5. After defaults have been added and necessary actions have been taken, OC4J writes out the new module deployment descriptors to the application-deployments/ directory. These are the descriptors that OC4J uses when starting and restarting your application. But do not modify these descriptors. Always change your deployment descriptors in the "master" location.

  6. OC4J copies the EAR file to the "master" directory. This defaults to the applications/ directory. You can change the "master" directory in the Server Properties page off of the OC4J Home Page. In the General section, modify the Application Directory field to the new location of the "master" directory. The location of the directory is relative to /j2ee/home/config.


    Each time you deploy this EAR file without removing the EAR file from the applications/ directory, the new deployment renames the EAR file prepended with an underscore. It does not copy over the EAR file. Instead, you can copy over the EAR file. OC4J notices the change in the timestamp and redeploys.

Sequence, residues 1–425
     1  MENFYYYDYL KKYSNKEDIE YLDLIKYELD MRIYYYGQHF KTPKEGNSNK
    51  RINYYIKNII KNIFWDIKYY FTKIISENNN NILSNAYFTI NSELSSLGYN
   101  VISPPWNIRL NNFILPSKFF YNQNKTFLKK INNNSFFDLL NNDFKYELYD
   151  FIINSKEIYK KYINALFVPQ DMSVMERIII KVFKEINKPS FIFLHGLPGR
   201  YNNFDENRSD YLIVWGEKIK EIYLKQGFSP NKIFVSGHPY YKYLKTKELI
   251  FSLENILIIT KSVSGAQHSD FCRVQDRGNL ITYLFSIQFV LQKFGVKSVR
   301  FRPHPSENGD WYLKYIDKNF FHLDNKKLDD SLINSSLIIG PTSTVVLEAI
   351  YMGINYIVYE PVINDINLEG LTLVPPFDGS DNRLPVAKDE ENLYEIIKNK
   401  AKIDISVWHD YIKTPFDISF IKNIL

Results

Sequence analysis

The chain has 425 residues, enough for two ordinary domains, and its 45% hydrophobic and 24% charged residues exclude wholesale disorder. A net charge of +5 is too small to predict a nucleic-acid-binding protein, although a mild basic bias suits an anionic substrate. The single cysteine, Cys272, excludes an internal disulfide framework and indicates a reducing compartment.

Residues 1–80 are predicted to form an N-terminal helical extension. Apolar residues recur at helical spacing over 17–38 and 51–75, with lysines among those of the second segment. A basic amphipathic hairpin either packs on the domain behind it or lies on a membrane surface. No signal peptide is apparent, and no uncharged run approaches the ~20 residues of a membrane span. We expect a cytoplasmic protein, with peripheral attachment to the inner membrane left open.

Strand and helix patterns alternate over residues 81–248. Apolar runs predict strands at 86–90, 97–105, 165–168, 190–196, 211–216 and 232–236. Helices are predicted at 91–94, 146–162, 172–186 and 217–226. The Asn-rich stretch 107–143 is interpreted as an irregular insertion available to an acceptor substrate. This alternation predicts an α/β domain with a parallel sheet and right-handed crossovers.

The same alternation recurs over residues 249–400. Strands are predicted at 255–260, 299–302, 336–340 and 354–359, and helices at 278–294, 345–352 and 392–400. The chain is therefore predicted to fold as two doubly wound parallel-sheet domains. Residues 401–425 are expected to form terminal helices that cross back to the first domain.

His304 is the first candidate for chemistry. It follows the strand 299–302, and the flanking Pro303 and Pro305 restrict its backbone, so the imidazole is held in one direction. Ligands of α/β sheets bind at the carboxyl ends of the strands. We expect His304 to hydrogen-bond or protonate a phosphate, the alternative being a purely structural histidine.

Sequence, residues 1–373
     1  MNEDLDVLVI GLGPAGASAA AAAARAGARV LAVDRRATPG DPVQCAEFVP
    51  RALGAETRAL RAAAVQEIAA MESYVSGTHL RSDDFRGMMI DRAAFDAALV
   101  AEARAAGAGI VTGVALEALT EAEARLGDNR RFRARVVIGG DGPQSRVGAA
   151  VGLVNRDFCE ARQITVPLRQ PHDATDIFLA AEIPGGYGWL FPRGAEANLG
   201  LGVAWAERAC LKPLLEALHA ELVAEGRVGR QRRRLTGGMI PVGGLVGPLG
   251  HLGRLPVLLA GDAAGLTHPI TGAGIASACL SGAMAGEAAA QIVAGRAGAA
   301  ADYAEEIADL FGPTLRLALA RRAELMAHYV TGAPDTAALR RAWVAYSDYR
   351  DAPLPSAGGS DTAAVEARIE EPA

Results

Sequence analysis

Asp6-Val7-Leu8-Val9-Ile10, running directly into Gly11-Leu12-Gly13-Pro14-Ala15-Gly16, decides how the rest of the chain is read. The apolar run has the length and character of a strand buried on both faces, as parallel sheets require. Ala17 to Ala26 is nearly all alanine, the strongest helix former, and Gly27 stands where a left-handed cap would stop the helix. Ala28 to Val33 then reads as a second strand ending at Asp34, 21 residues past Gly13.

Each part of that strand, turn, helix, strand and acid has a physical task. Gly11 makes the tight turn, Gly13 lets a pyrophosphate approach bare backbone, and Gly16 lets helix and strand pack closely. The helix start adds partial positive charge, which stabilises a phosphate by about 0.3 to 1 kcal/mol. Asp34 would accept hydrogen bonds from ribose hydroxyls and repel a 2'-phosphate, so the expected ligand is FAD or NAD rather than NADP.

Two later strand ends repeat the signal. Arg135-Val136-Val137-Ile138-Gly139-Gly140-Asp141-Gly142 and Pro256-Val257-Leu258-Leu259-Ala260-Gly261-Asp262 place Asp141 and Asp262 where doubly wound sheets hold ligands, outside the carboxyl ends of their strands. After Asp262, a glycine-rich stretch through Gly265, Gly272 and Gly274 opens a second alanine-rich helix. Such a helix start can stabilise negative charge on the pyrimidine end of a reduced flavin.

7. Finally, OC4J updates the server.xml file with the notation that this application has been deployed.

Configuration Verification of J2EE Applications

After deployment, you can see your application configuration in the server.xml and web-site.xml files, as follows:

Understanding and Configuring OC4J Listeners

Incoming client requests use one of three protocols: AJP, HTTP, or RMI. AJP and HTTP are used for HTTP requests. AJP is used between the OHS and OC4J components. HTTP is used for HTTP requests directed past OHS to OC4J. RMI is used for incoming EJB requests.

HTTP Requests

All HTTP requests, whether through OHS or directly to OC4J, must have a listener configured in an OC4J Web site. You can have two Web sites for each OC4J instance: one for each protocol type. That is, one Web site is only for AJP requests and the other is for HTTP requests. You cannot have one Web site listen for both types of protocols. Thus, OC4J provides two Web site configuration files:

RMI Requests

RMI protocol listener is set up in the RMI configuration--rmi.xml. It is separate from the Web site configuration. EJB clients and the OC4J tools access the OC4J server through a configured RMI port. The default RMI port is 23791. The following shows the default RMI port number configured in the rmi.xml file:

<rmi-server port="23791" >

You can modify the rmi.xml file only in the Advanced Properties on the OC4J Home Page.

Configuring Oracle HTTP Server With Another Web Context

The mod_oc4j module in the Oracle HTTP Server is configured at install time to direct all j2ee/ context bound applications to the OC4J server. If you want to use a different context, such as pubs/, you can add another mount for this context in the mod_oc4j.conf configuration file.